We vote for different parties, but as far as the house majority is concerned, they are irrelevant. It is the majority, not who makes it up, that matters, otherwise it would be reasonable to state that David Cameron’s coalition government should have had a second election after it was formed as the government that won the 2010 election did not actually fight it and thus, in Farron-land, had no mandate. Tim Farron is exploiting ignorance and stupidity among a public lacking a formal education in political science to try to make a meaningless point. Mrs May can command a majority in the House of Commons. That is her mandate. There is no need for a fresh general election.

There is a second reason why a fresh election any time before the date fixed by statute is a nonsense. Any election before 2020 will simply be a re-run of the referendum. We have already seen the serried ranks of misguided and ignorant sore losers demonstrating up and down the country, protesting at the outcome of a democratic vote, unashamed of their poor grasp of what a democratic vote means in this country. The fact that this idea for a snap election emanates from a party that has the word ‘Democrat’ in its name is ironic.

It is not democratic to keep holding votes until one side, always the Left, gets the right result. Every time Labour wins an election, the streets are empty of Conservatives protesting this fact, whereas when the reverse happens, the protesters are marching and causing mayhem as a matter of routine. Immediately protesting the outcome of a free and fair democratic process demonstrates the contempt for democracy on the part of the protesters. Unlike other European countries, hopefully including Scotland, we do not have a ‘second thoughts’ electoral process. It is disingenuous of Tim Farron to be seeking what would be a second referendum on the sly.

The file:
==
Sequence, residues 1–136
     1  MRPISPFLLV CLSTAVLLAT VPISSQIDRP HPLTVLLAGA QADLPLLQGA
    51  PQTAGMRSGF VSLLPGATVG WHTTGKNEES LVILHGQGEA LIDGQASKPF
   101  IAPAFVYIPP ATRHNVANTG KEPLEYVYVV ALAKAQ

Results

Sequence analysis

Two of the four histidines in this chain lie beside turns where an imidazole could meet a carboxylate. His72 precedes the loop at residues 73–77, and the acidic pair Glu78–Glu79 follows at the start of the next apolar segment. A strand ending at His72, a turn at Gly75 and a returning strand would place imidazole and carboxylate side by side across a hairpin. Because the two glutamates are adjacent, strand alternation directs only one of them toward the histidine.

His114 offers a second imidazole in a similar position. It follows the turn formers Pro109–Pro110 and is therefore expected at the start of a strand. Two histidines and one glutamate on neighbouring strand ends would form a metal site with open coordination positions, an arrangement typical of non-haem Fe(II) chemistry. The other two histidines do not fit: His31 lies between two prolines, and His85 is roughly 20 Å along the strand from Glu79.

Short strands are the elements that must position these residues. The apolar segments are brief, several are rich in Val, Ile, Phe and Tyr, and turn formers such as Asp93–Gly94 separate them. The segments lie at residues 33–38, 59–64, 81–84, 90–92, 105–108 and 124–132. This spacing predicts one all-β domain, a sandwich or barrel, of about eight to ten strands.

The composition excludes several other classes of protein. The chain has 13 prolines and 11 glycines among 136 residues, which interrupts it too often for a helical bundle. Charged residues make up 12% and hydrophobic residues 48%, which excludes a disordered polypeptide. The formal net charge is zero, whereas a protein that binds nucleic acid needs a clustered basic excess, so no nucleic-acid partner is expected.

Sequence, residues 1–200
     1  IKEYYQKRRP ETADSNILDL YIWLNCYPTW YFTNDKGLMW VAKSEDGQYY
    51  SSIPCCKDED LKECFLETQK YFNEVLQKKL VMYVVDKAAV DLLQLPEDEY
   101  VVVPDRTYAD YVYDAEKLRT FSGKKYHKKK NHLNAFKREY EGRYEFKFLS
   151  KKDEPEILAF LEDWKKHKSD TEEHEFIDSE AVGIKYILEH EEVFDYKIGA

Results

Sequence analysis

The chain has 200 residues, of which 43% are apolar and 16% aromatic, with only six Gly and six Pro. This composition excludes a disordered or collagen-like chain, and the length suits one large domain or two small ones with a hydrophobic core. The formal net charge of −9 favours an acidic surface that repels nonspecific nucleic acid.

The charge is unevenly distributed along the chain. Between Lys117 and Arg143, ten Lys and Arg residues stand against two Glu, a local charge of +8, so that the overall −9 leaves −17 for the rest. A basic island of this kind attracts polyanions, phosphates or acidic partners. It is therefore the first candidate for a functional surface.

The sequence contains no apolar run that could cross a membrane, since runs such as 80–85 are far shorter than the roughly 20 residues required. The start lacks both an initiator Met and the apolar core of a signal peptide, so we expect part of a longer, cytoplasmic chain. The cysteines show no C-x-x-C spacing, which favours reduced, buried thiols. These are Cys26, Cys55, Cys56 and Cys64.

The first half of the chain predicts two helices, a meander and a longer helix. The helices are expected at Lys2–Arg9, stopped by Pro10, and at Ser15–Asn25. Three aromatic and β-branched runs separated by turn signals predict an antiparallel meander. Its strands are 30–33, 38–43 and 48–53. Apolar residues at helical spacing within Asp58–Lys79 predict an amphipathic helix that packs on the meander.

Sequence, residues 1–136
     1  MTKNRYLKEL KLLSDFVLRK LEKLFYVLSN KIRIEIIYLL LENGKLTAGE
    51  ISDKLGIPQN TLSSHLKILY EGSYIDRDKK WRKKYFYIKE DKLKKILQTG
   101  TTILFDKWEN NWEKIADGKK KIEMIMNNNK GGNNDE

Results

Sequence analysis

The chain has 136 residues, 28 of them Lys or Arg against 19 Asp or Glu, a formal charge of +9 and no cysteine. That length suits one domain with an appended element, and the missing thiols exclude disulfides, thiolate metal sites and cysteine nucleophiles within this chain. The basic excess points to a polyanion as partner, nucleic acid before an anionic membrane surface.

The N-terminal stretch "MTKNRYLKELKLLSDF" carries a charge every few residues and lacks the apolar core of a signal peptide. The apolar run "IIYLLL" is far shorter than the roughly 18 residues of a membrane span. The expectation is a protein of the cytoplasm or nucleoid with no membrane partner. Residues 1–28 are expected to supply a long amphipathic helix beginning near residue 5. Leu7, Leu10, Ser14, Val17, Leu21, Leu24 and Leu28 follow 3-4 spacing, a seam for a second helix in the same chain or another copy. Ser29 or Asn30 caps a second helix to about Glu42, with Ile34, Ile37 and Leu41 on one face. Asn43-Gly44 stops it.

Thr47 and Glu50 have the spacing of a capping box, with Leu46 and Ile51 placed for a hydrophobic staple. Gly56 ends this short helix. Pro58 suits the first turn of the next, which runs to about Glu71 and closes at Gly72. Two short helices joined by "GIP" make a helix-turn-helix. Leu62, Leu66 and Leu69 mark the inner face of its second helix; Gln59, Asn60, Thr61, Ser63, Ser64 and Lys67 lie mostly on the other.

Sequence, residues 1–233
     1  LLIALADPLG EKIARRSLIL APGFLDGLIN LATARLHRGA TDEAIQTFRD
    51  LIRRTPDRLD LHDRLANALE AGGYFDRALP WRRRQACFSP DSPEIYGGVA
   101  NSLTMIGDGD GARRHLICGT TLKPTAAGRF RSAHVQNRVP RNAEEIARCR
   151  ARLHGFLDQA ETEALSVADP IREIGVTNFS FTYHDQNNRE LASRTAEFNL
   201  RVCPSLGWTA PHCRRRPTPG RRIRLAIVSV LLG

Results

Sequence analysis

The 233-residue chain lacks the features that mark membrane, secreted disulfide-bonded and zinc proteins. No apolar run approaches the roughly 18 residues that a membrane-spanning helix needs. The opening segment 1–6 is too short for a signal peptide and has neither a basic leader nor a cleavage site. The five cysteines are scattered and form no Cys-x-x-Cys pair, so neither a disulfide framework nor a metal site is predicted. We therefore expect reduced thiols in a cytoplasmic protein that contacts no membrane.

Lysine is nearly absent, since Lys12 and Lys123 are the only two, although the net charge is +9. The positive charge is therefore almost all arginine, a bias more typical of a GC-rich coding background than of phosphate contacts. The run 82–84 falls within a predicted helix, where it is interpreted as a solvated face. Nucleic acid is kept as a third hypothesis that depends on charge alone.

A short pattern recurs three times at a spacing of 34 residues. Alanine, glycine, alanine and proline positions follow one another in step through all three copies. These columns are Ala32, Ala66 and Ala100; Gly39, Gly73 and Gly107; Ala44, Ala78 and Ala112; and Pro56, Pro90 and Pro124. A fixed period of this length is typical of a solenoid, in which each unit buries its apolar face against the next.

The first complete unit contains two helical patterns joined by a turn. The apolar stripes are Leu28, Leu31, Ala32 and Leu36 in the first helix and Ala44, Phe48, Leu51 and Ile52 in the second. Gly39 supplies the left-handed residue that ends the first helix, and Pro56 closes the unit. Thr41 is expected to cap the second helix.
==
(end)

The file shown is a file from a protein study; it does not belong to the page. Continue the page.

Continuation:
The third reason is connected with the second. There are three political events which will definitely tale place in the next four years. There is the invocation of Article 50 of the Lisbon Treaty, the UK’s departure from the EU two years after this invocation, and the 2020 General Election. And that is the best order in which for them to take place. It would be absurd for an election to take place before invoking Article 50, for reasons outlined above. It would also be nonsensical for there to be an election between the invocation and the departure, as the election would again be fought on the departure and on no other issue. It is in the national interest, and not any specific party’s interest, for the order to be invocation, departure and then election. No other order currently makes sense.

The worst part of Farron’s campaign is that having a fixed term for a parliament and removing the right of a Prime Minister to choose the most politically opportune moment to call an election, by requesting a dissolution from the monarch, was a condition for the Liberal Democrats entering the coalition. Tim Farron actually voted for the Fixed Term Parliaments Act. It is dishonest for him to call for its abolition, just because of a change of Prime Minister. There have been numerous occasions when a Prime Minister has been appointed by the monarch without an election result causing the departure of his predecessor, so much so that such an outcome was foreseeable and it would have been reasonable to have such a provision catering for it to be included in the Act if there was a desire to do so. There wasn’t, not even by the Liberal Democrats, including Farron. All this demonstrates is that Farron is not fit to lead his party as he comes across as clueless or pandering to the ignorant. But then, there are few alternative leaders in the two taxicabs, unless Nick Clegg takes over again.

Having lost the referendum, perhaps Farron should join the other politicians quitting their jobs. And take up playing the ukulele.

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Paul T Horgan works in the IT Sector
He lives in Berkshire.

 

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Paul T Horgan
Paul T Horgan works in the IT Sector. He lives in Berkshire.